However, the Foundation itself will not become a for-profit venture, because doing so would interfere with our ability to pursue our mission: to catalyze the development of a comprehensive platform of rejuvenation biotechnologies. While we’re always looking for opportunities for true blind spots in rejuvenation biotechnologies that can be quickly nudged into proofs-of-concept ready to be spun out into startups with just a little more support, it’s also critical that we invest in planks of the SENS platform that are in much earlier stages of development. And it’s essentially impossible to run a sustainable for-profit enterprise doing such early-stage research. Investors don’t have the patience for the long lead times and uncertainty that yawns between putting down the money and an IPO or full-on commercialization.
Even the true giants of the legacy pharmaceutical industry — who were once able to support significant amounts of relatively early-stage work in-house because of their enormous budgets and soaring profitability — have been in rapid retreat from that model for decades now, shutting down in-house research campuses in favor of buying up startups. On the other end, Elon Musk’s admirable and disruptive ventures — SpaceX, Tesla, and SolarCity — are doing mission-driven work in commercializing and innovating technologies that were already on the market, the early-stage work having already been done (and continues to be done) in university labs, the National Laboratories, and Advanced Research Projects-Energy (ARPA-E).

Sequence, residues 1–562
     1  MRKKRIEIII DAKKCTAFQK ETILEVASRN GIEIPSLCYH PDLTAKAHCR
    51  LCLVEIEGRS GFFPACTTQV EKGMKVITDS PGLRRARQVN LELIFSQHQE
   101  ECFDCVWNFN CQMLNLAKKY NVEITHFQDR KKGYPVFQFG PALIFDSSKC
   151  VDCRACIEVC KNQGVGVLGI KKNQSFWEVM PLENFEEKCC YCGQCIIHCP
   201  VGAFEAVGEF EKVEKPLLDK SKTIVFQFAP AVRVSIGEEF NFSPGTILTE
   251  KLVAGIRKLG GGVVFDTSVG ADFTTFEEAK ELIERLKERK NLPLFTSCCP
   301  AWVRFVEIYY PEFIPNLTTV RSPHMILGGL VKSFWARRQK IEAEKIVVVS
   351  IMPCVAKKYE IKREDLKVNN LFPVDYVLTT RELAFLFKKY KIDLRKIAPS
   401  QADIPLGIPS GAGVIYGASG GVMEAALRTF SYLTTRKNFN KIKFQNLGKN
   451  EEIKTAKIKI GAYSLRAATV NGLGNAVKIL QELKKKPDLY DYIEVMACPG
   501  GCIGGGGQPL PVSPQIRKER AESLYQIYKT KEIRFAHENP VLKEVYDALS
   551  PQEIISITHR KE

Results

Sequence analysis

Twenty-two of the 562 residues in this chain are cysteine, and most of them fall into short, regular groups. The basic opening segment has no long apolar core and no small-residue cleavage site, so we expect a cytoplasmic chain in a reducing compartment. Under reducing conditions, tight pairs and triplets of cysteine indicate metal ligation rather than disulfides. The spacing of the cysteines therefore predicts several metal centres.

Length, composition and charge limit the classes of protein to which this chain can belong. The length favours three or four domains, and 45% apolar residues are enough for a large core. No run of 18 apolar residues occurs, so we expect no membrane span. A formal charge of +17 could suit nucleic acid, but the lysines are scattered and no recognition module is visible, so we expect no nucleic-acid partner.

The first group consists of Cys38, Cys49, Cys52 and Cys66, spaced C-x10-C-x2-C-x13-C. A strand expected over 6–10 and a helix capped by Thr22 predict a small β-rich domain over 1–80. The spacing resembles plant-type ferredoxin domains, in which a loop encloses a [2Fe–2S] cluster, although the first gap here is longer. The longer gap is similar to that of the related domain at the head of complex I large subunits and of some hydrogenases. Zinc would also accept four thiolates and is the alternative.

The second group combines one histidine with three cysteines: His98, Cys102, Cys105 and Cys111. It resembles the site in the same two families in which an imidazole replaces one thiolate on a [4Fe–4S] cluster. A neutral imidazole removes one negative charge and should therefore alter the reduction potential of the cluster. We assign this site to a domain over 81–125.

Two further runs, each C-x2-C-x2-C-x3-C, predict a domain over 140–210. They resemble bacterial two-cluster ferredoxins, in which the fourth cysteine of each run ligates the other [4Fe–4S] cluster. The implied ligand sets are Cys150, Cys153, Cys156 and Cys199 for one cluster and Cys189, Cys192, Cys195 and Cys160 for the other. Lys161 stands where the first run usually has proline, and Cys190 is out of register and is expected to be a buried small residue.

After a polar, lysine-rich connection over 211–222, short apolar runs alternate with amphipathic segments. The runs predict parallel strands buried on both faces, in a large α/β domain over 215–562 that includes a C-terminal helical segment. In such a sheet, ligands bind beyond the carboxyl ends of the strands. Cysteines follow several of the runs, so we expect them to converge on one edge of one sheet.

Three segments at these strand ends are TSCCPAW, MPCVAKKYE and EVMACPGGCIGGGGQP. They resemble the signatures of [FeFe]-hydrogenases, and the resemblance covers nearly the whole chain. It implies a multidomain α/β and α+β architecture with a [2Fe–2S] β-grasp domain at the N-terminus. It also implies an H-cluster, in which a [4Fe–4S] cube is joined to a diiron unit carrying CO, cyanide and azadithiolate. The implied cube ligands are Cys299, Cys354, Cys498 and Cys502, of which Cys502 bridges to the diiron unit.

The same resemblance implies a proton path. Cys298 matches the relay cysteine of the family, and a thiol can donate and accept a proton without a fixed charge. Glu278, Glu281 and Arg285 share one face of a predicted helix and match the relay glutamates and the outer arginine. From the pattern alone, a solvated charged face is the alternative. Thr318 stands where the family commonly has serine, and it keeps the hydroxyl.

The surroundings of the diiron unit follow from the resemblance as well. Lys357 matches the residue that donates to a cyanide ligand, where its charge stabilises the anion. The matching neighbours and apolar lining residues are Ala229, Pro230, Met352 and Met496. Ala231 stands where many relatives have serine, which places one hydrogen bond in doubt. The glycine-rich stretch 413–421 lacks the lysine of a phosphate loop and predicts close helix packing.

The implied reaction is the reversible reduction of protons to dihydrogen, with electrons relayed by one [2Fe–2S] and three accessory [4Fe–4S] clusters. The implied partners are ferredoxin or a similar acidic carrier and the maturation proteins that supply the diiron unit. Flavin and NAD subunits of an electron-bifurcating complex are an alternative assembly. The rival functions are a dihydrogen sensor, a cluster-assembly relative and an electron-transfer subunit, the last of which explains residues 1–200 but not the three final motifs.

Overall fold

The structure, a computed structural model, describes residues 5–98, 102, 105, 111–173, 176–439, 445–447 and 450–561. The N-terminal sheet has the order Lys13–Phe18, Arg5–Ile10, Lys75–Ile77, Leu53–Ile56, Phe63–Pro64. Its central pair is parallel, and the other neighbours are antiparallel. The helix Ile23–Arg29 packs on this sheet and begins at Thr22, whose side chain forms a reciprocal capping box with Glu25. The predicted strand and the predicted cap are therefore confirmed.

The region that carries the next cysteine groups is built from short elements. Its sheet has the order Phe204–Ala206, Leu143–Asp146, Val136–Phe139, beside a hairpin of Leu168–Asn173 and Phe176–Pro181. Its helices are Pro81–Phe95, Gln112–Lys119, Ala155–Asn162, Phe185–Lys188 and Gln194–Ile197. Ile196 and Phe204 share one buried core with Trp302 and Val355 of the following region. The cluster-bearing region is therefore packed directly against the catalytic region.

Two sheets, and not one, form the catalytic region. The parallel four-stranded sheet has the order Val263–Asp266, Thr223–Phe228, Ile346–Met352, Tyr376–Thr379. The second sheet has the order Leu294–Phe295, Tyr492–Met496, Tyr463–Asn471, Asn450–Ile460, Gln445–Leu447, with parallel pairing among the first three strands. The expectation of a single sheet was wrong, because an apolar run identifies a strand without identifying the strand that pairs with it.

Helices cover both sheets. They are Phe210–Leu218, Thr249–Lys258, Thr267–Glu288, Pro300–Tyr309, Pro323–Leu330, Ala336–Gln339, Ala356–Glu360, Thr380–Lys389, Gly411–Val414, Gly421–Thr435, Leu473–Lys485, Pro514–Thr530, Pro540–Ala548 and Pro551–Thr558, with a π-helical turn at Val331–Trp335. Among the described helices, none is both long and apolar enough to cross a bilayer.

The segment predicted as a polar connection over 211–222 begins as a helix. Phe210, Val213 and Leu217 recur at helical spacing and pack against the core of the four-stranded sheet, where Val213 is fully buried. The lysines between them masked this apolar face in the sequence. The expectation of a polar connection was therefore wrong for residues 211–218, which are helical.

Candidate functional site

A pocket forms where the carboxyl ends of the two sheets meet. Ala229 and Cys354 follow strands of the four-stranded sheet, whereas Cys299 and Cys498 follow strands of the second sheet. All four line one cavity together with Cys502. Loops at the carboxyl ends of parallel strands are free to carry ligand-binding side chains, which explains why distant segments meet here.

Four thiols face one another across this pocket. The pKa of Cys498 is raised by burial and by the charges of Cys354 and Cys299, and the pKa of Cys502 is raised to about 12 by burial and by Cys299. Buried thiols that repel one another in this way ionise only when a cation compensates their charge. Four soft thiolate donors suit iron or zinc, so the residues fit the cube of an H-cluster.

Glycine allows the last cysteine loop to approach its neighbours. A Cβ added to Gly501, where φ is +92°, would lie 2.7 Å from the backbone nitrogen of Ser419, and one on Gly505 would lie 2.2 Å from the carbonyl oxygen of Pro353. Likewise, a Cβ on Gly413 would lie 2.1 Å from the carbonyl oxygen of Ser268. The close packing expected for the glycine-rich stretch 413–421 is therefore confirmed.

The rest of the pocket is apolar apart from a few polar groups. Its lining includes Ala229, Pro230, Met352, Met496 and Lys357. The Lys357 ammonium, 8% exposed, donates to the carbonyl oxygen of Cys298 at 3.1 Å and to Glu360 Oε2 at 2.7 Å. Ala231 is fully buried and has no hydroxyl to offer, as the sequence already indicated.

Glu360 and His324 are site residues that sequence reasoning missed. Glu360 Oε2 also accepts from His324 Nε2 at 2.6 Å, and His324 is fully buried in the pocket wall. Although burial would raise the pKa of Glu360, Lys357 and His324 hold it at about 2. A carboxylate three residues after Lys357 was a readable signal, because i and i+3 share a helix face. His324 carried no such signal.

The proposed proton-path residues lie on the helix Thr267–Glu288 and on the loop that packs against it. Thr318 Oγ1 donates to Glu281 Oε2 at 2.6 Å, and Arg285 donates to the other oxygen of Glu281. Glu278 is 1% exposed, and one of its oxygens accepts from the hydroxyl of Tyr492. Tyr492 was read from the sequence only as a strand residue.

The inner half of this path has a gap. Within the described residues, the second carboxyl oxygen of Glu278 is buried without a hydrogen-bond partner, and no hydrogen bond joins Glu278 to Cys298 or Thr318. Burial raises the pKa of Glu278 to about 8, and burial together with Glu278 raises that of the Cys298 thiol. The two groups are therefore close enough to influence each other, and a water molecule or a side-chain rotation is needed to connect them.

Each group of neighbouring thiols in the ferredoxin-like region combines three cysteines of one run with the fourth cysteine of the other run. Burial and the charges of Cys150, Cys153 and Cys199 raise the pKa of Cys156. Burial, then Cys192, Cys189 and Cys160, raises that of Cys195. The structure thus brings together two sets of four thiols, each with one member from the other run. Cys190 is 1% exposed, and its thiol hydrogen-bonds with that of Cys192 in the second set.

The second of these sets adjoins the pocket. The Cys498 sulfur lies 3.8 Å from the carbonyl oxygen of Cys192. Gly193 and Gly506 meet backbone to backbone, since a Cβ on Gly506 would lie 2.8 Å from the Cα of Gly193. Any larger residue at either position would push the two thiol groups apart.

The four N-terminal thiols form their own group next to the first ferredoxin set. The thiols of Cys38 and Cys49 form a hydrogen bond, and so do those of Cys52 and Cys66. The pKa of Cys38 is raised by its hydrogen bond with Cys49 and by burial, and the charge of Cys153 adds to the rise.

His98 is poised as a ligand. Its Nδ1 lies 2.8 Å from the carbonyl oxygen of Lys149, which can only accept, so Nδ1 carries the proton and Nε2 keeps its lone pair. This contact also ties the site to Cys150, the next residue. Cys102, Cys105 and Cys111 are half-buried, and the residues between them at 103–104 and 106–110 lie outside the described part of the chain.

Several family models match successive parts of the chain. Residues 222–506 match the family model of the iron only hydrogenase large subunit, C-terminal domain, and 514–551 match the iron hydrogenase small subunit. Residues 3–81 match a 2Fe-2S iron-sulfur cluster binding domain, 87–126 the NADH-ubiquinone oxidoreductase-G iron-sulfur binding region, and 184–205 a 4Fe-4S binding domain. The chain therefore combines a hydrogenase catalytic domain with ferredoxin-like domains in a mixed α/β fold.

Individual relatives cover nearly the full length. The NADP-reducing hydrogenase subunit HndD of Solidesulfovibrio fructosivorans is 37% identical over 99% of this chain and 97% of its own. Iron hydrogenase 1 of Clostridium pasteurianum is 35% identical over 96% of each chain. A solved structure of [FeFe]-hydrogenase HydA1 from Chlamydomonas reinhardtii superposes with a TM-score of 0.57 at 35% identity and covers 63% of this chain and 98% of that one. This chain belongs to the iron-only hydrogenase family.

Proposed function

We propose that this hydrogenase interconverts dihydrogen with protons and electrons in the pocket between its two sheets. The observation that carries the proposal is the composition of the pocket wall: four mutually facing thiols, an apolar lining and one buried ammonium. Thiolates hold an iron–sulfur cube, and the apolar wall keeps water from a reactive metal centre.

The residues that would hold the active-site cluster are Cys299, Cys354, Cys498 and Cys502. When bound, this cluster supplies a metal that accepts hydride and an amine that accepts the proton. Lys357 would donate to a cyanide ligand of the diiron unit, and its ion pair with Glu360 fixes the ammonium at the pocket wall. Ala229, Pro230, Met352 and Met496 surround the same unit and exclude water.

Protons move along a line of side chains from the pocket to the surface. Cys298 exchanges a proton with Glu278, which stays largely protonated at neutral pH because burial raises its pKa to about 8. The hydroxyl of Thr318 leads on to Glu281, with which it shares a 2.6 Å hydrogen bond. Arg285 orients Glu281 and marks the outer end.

The best places for early-stage work to be done has always been university labs or not-for-profit research facilities supported by major government health institutes like the NIH, or by philanthropy, where the funding can be allocated and lines of research pursued based on merit and long-term considerations free from investor pressures.
Additionally, a critical part of our work in getting us to a future beyond degenerative aging is our efforts to nurture an entire rejuvenation biotechnology ecosystem, not just the direct sponsorship of research projects aimed at developing individual therapies. This is why we place young students into opportunities for rejuvenation research as part of their academic training through SRF Education; why we bring together academic researchers working in disparate strands of rejuvenation research who labor in ignorance of each others’ work at the Strategies for Engineered Negligible Senescence conferences (and the upcoming Undoing Aging conference); and why we bring some of those same researchers together with investors and the existing biotech industry at the more industry-oriented Rejuvenation Biotechnology conference series. Such work simply can’t be justified to venture capitalists looking for the next IPO payout.